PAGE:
MNN: Which came first for you, the Yukon or animals?
Michelle Oakley: Animals. I grew up in Indiana. My uncle had a farm. We lived on a creek in a wooded area, half rural half suburban. I was always building forts, catching animals.
Did you always want to be a vet?
Yes, or Jane Goodall. I was watching wildlife shows on Nat Geo in those formative years. I wanted to do something with wildlife and I wanted to be a vet. I didn’t know I could do both. I went to the University of Michigan for undergrad and that’s how I got to the Yukon. In my junior and senior year I went to do an honors thesis and study in the Yukon and fell in love with it. And I met my husband there.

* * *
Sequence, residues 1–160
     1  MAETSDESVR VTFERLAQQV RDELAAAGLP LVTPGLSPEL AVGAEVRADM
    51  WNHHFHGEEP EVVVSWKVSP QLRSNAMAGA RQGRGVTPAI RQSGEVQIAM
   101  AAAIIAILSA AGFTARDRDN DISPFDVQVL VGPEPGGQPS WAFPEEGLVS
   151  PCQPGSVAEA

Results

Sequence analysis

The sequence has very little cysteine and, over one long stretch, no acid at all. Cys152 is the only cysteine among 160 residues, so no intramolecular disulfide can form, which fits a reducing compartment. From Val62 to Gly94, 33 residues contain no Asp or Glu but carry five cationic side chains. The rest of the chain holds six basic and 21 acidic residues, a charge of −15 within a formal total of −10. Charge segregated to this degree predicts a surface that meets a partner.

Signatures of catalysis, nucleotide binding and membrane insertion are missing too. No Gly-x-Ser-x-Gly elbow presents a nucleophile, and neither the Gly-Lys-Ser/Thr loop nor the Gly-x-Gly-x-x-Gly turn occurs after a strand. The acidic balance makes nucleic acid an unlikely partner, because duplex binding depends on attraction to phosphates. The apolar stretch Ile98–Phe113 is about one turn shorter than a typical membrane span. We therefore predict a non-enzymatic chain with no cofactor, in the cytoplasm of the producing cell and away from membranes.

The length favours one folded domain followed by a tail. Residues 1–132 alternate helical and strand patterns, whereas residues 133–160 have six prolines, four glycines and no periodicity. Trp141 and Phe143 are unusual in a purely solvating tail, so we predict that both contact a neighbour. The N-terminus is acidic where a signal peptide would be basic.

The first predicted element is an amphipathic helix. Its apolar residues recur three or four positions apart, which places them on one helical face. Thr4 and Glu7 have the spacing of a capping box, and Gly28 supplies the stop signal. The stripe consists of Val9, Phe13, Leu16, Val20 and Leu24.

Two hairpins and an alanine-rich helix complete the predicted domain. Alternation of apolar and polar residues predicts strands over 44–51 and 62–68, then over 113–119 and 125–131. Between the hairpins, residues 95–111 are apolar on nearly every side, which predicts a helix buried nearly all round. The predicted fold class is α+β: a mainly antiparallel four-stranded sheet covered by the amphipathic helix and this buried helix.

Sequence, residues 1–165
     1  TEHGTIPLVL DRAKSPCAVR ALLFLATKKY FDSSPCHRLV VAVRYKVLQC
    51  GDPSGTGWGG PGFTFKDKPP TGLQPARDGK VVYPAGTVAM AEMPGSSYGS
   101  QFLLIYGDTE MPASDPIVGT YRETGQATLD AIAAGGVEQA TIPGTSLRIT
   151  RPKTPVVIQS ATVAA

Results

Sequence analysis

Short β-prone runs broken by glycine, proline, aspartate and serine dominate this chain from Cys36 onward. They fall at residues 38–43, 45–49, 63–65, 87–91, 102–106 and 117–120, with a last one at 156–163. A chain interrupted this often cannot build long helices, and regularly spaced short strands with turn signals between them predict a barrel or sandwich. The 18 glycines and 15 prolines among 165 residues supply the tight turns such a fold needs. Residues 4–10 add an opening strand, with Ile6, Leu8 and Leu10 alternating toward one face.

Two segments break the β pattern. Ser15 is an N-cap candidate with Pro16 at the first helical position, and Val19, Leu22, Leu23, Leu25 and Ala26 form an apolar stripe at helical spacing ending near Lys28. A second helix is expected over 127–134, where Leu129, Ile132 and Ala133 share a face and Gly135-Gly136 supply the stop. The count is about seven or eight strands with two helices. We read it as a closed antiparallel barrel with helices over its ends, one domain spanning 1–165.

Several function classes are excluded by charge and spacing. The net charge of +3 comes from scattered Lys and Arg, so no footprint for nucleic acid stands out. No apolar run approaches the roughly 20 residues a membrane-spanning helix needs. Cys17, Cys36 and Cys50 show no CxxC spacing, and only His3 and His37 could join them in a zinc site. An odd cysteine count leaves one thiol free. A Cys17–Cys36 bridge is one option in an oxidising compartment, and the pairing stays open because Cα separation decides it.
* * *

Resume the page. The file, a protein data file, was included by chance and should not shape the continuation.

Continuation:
What’s the biggest challenge you face?
Providing good veterinary care,being really remote and working in field situations. Sometimes I’m working on sled dogs off the grid or horses in 30 below, racing to fight frostbite, the instruments freezing in my hands. The challenges are the remoteness, the environment, and balance. It’s really challenging to balance it all. I can’t say no to people. I’m the only vet in the area. And I’m still trying to be a mom, keep everyone together.
What’s the furthest you've had to travel?